As of April 1st, 2023, Minimum Energy Efficiency Standards require privately rented non-domestic properties to have an EPC rating of E or above. In the future, commercial EPC ratings are to be increased to a ‘C’ rating by 1 April 2027 and a ‘B’ rating by 1 April 2030. Future minimum EPC ratings require landowners to plan ahead, and properties that do not meet the minimum EPC ratings will eventually need significant upgrades to achieve compliance. The cost of EPC non-compliance is substantial,  where commercial landowners could face a fine of up to £150,000 per breach.

 

Thermal Efficiency Part L

Approved Document Part L of the Building Regulations sets standards for the conservation of fuel and power in domestic and non-domestic buildings. A critical part of these standards is the thermal transmittance, also known as U-value, which is the heat transfer rate through a structure divided by the difference in temperature across that structure. 

Part L imposes strict requirements on U-values for commercial buildings to enhance energy efficiency and reduce carbon emissions. Commercial buildings often have high energy demands and occupancy rates, so the impact of a building envelope with high thermal performance can significantly impact its overall energy consumption.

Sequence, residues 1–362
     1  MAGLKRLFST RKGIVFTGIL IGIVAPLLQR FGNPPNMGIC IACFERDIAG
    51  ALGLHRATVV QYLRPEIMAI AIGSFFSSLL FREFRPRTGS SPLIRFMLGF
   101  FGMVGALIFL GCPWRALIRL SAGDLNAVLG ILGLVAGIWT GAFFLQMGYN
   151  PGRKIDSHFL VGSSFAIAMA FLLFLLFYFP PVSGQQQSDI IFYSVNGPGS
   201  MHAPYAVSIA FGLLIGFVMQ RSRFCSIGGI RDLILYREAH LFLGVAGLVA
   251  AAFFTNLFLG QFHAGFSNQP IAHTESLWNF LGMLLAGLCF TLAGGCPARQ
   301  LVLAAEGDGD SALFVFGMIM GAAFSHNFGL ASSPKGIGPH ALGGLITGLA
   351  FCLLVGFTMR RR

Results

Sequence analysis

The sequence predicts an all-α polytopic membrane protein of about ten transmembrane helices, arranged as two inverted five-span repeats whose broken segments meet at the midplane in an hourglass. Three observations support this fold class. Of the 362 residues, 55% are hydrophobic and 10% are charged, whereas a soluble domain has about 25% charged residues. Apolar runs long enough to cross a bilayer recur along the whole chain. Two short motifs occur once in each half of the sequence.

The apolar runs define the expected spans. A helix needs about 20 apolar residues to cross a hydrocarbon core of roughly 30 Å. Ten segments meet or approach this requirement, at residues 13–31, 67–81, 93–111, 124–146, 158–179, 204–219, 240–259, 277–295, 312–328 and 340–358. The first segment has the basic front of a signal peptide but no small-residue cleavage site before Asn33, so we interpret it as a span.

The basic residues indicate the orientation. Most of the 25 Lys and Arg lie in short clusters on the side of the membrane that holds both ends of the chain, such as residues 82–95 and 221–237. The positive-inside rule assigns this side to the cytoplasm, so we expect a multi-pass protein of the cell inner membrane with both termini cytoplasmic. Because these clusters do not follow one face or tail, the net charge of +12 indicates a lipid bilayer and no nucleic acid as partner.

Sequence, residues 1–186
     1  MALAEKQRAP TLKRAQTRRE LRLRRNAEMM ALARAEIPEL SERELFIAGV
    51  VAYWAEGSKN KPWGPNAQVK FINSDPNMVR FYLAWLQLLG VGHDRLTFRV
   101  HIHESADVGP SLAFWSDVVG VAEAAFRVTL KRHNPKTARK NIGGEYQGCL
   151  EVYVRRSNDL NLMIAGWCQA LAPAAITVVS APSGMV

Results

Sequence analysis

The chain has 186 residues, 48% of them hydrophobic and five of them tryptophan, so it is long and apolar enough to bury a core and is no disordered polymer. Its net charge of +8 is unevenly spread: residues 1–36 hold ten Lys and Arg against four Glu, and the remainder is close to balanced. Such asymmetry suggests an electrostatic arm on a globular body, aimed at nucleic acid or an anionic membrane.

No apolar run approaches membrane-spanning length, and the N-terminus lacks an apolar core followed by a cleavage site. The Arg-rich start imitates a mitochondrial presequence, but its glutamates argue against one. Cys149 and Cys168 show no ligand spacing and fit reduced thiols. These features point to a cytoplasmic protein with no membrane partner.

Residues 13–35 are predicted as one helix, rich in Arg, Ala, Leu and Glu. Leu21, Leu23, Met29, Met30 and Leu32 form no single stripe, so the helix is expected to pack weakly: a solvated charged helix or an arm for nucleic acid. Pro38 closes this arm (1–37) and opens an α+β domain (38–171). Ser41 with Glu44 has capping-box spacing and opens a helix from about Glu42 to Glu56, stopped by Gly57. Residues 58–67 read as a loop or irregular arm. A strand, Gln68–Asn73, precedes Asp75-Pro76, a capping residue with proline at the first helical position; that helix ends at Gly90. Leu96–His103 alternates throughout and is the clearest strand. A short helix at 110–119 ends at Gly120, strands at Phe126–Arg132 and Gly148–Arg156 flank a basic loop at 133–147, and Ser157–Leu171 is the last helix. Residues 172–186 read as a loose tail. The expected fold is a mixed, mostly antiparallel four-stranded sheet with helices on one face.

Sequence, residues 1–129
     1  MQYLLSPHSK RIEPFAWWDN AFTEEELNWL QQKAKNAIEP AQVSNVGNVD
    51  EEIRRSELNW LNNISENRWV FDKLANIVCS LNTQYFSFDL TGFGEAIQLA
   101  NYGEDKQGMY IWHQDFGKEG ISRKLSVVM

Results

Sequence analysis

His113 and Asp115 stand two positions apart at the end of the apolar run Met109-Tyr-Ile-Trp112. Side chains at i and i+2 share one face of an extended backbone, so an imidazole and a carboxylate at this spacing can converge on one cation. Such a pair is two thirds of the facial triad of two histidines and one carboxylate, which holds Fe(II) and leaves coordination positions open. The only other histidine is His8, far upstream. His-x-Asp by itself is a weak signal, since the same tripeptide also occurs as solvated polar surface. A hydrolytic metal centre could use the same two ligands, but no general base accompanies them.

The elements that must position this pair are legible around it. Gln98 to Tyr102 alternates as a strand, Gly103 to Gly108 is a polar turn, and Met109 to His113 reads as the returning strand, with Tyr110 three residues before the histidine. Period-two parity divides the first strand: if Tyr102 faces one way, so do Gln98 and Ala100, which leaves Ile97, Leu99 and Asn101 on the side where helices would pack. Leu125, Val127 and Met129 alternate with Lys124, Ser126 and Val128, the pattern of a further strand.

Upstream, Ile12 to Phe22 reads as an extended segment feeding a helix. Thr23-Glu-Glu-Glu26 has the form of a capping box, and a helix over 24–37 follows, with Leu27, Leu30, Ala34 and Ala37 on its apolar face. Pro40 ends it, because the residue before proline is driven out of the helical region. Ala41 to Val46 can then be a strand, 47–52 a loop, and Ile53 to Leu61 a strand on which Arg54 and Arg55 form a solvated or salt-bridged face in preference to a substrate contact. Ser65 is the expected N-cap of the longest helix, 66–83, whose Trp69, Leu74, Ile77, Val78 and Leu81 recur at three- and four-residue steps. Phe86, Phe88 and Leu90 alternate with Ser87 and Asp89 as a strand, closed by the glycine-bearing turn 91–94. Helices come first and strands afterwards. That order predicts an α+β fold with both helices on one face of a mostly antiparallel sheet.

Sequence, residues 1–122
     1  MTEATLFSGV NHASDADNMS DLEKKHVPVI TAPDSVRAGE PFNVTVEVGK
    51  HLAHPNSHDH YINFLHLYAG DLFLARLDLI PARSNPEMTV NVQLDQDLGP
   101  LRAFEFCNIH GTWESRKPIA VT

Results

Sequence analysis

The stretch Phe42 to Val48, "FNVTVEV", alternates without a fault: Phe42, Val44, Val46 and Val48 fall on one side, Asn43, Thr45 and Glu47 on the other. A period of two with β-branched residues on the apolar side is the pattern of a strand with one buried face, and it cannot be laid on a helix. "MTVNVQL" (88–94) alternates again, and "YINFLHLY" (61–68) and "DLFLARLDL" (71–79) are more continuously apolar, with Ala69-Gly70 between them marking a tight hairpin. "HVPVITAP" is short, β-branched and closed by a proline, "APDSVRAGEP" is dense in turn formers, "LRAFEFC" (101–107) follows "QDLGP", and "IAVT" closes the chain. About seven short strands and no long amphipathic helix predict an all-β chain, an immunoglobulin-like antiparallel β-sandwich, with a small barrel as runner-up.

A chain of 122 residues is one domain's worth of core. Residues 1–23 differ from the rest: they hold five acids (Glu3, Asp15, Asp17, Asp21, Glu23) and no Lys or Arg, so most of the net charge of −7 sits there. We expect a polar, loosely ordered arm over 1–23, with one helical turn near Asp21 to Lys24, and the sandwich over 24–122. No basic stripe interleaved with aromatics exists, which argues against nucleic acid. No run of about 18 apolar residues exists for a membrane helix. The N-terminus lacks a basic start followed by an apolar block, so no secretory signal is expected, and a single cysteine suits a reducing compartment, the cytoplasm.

When improving thermal efficiency, it is necessary to lower U-values by incorporating additional or higher-performing insulation in the roof, facade, and floor of a building. While components like windows and doors can be improved in terms of thermal performance through their design and composition, the main focus should be reducing heat loss through the building envelope.

Enhancing a commercial building’s thermal efficiency and minimising heat loss through the envelope can make it more energy efficient. This leads to lower energy bills and reduced carbon emissions, which benefit businesses and the environment.

Energy Savings

If you are a commercial business owner looking to improve your building’s energy efficiency, consider installing photovoltaic (PV) panels during a roof renovation. Before proceeding with this option, ensuring that your roof is suitable for PV panels in terms of size, structural integrity, and safe access for regular maintenance is crucial.

Installing PV systems on your roof can have significant benefits. Not only can they provide an alternative source of electricity, but they also offer a relatively short payback period of as little as 4 years. With proper maintenance, these systems have a 20-25 year lifespan.

When planning for preventative maintenance or major works on your building, it is best to undertake roof retrofit works simultaneously with upgrades to insulation and installation of PV panels. This approach allows for shared costs and maximises the value and return on investment in a shorter timeframe.

Additionally, grouping these works reduces the risk of voiding any warranties or guarantee conditions associated with a new roof. Retrofitting PV or insulation at a later date after recovering your roof under warranty, there is potential for damaging the newly installed covering.